Through Failure, What Have I Learned?

This is a continuation of yesterday’s post.

For the most part in business, reading books is bullshit. Everyone nods their heads and tells themselves that they will not do those mistakes and they end up doing them and costing them, heartache and monetarily. The amazing thing about everything is that once that lesson(s) is learned the person usually comes out of it better.

I have a couple of examples for you to think about.

Example #1: Selling Art to Brother

A couple of weeks ago I called one of my brothers up and asked if he would like to buy some of my latest photographs. He didn’t seem interested, but I still pushed on. I kept on asking and texting him and he finally asked me what was the matter. I told him everything was fine, I was just trying to sell some photographs.

Lesson: Being disparate is a strong scent for people to smell. I just wanted to get the sell so badly that I would be the typical salesmen that everyone runs away from or the homeless guy that no one wants to make eye contact with. If I had more confidence in myself to sell to my brother and didn’t look like I needed the money so badly, I would have probably gotten the sale or at least I would show dignity for myself.

Example #2: The Restaurant Owner

While I was about to eat my dinner a couple of weeks ago with my fiancee I brought out my camera to show her some of the photographs I took moments ago of a person I interviewed a couple of months prior. The chef saw me with my camera and quickly appeared a smile on his face and he went back to the kitchen to dress up the food.

The chef asked me if I was a photographer and was wondering what type of photography I do. I mentioned it to him and instantly he gave me a card and said he was the owner of this establishment and another restaurant and another. My eyes opened up and was ready to pitch him and to give him some banging photographs.

He didn’t go into much detail, but said that he was dissatisfied with his current photographs and was also looking for a web designer. Later that night I went online to check out the images and knew that I could do a better job. I gave him a call a couple of days later and didn’t get anything. I left an email and no response. I think I called once again and typed up a followup email and just left it at that. I was down and felt like shit and my fiancee suggested that I just show up at the restaurant and show him what I can do for him. I did and the chef wasn’t in sight. I left my contact information and was hoping for the best and nothing came out of it.

I guess he had a bad experience with photographers and didn’t feel like paying another one. I’m going to try one more angle: which is to take a couple of photographs, write a small note and mail it to his establishment. That is it.

Lesson: I’m always beating myself over the head with not making a connection. But I kept at it in a not-so-annoying way. I think me waiting to call and leaving messages was the right way to handle that type of situation.

Example #3: The Favor in Business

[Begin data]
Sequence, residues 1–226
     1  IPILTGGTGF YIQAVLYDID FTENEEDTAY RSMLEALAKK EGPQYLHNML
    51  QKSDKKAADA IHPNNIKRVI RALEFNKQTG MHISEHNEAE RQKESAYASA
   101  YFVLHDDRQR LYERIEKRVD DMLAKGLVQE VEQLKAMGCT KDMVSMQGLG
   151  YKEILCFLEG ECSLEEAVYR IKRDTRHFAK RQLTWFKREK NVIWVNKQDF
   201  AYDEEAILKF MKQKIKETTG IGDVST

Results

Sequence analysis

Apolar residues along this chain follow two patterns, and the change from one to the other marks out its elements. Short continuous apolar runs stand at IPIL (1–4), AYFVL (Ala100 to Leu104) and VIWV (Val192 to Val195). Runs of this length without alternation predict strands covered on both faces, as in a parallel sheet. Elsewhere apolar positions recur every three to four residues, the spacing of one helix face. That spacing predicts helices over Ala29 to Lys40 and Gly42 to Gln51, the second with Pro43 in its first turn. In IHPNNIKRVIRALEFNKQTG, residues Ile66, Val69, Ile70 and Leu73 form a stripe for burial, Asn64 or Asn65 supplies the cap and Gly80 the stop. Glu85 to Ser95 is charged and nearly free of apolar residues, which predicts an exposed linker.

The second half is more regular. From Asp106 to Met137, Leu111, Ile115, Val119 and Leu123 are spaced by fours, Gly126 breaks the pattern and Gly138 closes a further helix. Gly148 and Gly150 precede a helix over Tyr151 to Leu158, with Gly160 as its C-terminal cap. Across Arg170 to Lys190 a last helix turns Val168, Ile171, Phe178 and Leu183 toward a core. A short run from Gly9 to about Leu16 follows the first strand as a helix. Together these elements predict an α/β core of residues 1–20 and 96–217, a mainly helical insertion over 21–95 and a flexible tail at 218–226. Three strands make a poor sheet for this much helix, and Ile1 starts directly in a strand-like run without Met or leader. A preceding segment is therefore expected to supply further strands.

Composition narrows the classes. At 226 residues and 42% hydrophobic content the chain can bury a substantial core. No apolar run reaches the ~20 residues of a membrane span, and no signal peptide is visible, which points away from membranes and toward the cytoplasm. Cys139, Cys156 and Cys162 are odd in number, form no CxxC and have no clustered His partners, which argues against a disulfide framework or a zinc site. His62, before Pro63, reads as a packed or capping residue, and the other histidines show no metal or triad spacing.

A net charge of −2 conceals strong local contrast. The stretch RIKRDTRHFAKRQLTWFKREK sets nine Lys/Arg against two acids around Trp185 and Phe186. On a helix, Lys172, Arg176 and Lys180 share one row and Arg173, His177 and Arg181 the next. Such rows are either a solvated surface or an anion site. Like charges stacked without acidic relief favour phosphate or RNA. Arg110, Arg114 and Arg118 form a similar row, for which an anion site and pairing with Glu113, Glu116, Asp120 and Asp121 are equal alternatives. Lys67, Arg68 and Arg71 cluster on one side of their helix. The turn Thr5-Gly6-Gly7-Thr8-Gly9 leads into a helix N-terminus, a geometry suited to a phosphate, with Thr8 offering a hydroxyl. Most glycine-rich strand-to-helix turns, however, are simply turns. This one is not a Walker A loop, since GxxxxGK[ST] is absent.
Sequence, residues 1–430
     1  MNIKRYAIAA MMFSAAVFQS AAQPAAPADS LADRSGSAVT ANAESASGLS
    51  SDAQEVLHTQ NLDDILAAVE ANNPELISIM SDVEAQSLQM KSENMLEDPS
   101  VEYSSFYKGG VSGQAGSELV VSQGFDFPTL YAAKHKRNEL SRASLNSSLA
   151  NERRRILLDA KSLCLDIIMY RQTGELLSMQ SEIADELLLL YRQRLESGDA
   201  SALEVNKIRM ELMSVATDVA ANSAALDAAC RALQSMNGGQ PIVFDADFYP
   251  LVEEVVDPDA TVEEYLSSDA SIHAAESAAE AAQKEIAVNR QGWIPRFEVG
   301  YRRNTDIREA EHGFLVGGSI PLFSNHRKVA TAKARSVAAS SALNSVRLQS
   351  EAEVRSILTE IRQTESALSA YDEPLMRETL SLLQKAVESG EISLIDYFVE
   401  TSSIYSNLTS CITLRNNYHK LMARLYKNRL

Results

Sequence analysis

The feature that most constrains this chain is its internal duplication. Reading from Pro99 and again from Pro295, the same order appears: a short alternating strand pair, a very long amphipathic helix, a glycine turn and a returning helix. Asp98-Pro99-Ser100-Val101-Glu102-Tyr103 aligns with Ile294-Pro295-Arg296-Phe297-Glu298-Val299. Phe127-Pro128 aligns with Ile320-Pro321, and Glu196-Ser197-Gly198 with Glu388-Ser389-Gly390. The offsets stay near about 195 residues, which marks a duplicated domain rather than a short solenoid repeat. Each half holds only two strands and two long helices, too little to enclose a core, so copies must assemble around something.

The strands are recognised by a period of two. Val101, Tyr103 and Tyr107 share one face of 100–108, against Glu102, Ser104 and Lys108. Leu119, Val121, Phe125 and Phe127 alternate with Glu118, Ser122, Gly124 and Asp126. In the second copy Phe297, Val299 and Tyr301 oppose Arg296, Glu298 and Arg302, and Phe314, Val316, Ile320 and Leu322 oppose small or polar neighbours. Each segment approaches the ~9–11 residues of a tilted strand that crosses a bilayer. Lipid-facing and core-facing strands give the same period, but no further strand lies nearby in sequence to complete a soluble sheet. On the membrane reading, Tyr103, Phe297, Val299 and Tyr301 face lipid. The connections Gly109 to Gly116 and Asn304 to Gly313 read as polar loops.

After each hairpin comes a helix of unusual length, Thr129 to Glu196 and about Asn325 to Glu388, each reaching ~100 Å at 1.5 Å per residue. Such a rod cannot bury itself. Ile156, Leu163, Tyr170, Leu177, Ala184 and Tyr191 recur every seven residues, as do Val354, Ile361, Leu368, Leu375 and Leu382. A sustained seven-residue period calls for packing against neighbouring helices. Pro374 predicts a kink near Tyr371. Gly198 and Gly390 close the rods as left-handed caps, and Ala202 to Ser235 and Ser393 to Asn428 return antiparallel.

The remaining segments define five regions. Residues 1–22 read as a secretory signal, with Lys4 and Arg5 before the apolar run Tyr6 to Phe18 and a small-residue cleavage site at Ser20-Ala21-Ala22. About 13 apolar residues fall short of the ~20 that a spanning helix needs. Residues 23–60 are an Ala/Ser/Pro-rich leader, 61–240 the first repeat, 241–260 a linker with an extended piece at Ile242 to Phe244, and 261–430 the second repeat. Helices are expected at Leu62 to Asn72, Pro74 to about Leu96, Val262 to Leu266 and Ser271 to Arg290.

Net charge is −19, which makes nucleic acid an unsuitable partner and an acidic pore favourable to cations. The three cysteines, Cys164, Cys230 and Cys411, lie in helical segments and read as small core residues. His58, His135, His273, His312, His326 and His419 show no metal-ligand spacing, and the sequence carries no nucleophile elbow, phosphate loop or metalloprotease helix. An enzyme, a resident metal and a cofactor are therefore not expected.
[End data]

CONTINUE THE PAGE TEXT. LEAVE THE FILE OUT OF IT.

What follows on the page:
I was gearing up to pitch this job. I was ready and determined. I called multiple times and knew that he was interested. He finally told me to come to his office to get the assignment. I looked it over that night and told him first what my quote was. He low-balled me bad. He asked for my second price and he wouldn’t budge. We finally ended on his price, which was close to sweat shop salaries. I thought about what just happened, I talked it over with a couple of people and knew that I just got had. I was pissed and knew that I could do the job, but it would be tons of work. The next thing I did was educate myself more on the job and felt determined to get the price that I knew I was worth.

I realize that I was setting myself up short for this type of work and the guy was taking advantage. The only way for me to get out of it was to not do the job. So I called the guy and told him that I wasn’t able to do the job because it was well below market cost and I would be losing money. He freaked out. He said how much would I take. We went back and forth and I told him that I would take my original offer. He called me the next day and said that he didn’t realize the job cost that much. Throughout this whole process of negotiations I was educating him on what was involved in the work and didn’t budge on my price.

Lesson: It was one of the best victories I ever got. I didn’t get the job, but I didn’t lose money and dignity. I learned that I have to educate people on what I do and the type of service they are getting in return. Many people think just because you like taking photographs it shouldn’t cost much money. Teaching people helps them to realize all of the work you provide them and to build trust.

I’m Still Learning and Failing

This is a learning process. It is hard work. I see why most of the world just works for somebody else. It is easier that way and with the way it is all set up the hardest thing a person has to do is wake up in the morning. What I have also realized is that business isn’t for everyone. There are days that I think that I’m there. Most of the time I’m wondering if I’m making the right decision. But the excitement and heartache drives me to want to do it more.

Why Do You Want to Be Free?

Being free from regular job is extremely important to me because I will be able to make my own decisions when I want to. I can travel where I want to. And I can produce more with the extra time away from a 9-5. That’s just talk for right now, I have to get back to failing more, learning from it all so that I can start to get successes in this type of business.

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